Allowing myself to feel pleasure was a life-changing moment that opened my eyes to a more positive world. And in the context of this fucking pandemic, we all need it. (note to self: always charge your vibrators).

Self-exploration is key to understanding what brings you pleasure.

We are all different, and our nerve endings, trauma, and personal histories are individual. We must self-explore and use everything within our reach to find out what makes us feel pleasure to communicate it effectively and clearly during partnered sex. Being sex-positive is essential: leave all judgment at the door when having a sexual experience and allow your body to dictate what feels right to you.

After a lifetime of shame, guilt and disgust put onto your body; it is okay to need tools to masturbate.

As I said, being sex-positive is about being open to whatever feels good. Orgasm with a vibrator, with your hand, or with a partner is still an orgasm. A dry orgasm, a squirting mess, or anything in between is still an orgasm. An orgasm while high is still an orgasm. And even more importantly, sexual play without an orgasm is still a vulnerable, brave, and beautiful moment that deserves to be treated with honor and respect. A sexual interaction without orgasm can be a pleasurable experience. You’re hardly going to reach that orgasm if you can’t enjoy the journey towards it.

Understanding consent is necessary for not getting raped/raping anyone.

This was a hard pill to swallow. I had no idea I had been date raped so much during high school and my first years in college. This Women’s International Day, I saw a rise of posts accusing their abusers, and I also saw many abusers saying they had never raped someone. Who’s lying? No one is. We have no comprehensive sex ed, and we don’t understand consent, we don’t know what it means, and we don’t know how it works. The very toxic sexual culture promoted by mainstream media and porn gives us the understanding that consent is negotiable and optional, but it isn’t. When the word “rape” comes up, we think of very violent dominance, of an unmistakable scream saying no, a victim defending themselves with all of their strength. But it’s a lot more nuanced than that. First of all, we forget that the body’s response to threat can be fight, flight, or freeze. Consent must be enthusiastic, specific, explicit, and voluntary. This involves understanding power dynamics and implicit social scripts regarding the interactions of men and women. It also includes how men are expected to be sexual at all times, so they are forced to perform even when they don’t want to.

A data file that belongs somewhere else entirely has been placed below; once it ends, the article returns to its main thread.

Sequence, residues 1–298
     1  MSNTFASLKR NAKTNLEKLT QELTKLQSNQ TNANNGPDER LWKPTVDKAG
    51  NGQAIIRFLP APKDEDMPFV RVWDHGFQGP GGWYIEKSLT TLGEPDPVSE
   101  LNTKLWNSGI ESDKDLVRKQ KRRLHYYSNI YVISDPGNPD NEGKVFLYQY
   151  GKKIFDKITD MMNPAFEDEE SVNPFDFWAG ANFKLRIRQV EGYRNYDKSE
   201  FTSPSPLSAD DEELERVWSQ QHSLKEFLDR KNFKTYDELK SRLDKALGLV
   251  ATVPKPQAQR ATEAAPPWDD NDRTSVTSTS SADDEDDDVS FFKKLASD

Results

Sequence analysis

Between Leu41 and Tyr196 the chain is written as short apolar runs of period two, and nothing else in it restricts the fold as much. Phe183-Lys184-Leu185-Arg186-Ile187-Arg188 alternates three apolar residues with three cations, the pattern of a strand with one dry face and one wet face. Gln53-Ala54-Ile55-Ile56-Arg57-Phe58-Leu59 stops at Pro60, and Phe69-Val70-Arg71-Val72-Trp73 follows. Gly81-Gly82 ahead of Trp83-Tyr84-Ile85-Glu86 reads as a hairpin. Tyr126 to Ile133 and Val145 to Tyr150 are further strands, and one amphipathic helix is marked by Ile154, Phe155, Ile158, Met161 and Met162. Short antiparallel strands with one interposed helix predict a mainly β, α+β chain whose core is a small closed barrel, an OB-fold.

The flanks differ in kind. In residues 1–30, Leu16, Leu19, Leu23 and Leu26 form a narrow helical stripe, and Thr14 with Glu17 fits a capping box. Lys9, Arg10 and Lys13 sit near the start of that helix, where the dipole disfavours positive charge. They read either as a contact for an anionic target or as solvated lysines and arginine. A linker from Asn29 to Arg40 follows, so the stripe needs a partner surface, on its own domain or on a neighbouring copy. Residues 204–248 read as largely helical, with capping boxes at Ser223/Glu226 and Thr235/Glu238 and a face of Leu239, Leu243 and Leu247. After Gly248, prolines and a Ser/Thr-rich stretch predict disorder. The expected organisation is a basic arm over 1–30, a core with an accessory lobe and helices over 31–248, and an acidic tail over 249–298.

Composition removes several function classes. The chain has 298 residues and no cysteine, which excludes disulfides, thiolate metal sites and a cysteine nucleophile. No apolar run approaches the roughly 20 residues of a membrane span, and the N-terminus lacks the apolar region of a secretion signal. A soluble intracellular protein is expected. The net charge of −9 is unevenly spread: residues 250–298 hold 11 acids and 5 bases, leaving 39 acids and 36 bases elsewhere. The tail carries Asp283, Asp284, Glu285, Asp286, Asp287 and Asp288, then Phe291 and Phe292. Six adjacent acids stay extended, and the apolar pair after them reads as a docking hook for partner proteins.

I was sexually abused as a child and I live the consequences every day

Trauma is erased from the brain, and with the right environment, it gets deleted and normalized. I had no idea how sexualized my childhood had been. By the time I was 22, I had no idea I own the power of consent, and I grew up normalizing physical, psychological, and sexual violence. I have no idea how many times I was date-raped because I didn’t even know that existed. And I could not be able to count the times I was slut-shamed and victim-blamed for just wanting to have validation and acceptance. From a very young age, I learned that the only way for me to have those things was through my body and my availability to have sex. It had become an unfortunate and frustrating cycle of hope, disappointment, betrayal, and going over it again and again. I never realized I could say no, and that if I was scared or uncomfortable, I could just… Refuse. I had no idea that “the point of no return” doesn’t really exist.

I´ll repeat this: at any point during a sexual encounter, you can say no, and NO always means NO.

Differences in libido

Toxic masculinity portrayed in mainstream media also taught us that men are these sexual beasts that ought to be ready to go at all times, while women are mere sources for sex. It leaves us with a severe problem. What happens when my male partner doesn’t want to have sex, but I do? Well, first, I feel like a slut for wanting something I shouldn’t want, and secondly, I feel profoundly rejected by my partner and, of course, introject this rejection as a personal failure. “He doesn’t want me. I’ve gained weight, I’m gross”. And I heard this from Jameela Jamil, which I’ll paraphrase: we don’t get hungry at the same times, we don’t eat the same amount, we don’t go to the bathroom at the same time; so why the fuck are trying to force each other to have sex at the same time, in the same amount? We have different needs, and we are each responsible for them.

My pleasure. My responsibility.

This was a hard pill to swallow for me. For YEARS I tortured every sexual partner I had because I couldn’t be satisfied sexually. I blamed them for my frustration and my inability to cum. Sometimes I just faked it. It depends on the nature of the relationship. And guess what, Roxana? No, it’s not my boyfriend’s fault nor his responsibility to make me cum because to do so, I had to understand that most of the time, I wasn’t even after an orgasm or even sexual pleasure. I just wanted love, validation, acceptance, care. I had to remember that I was sexually abused during childhood. I had to learn and understand the consequences of that trauma. I had to understand and heal from my first abusive relationship. I had to regain sensitivity and get to know my body. None of those things could be done by my partner, but it was way more comfortable for me to blame it all on him (a big shoutout to couples therapy).

Reaching orgasms and learning to feel pleasure in a body that has known violence is a very personal journey in which everyone single of us is responsible for our baggage.

Success in sexual interactions means pleasure, not an orgasm.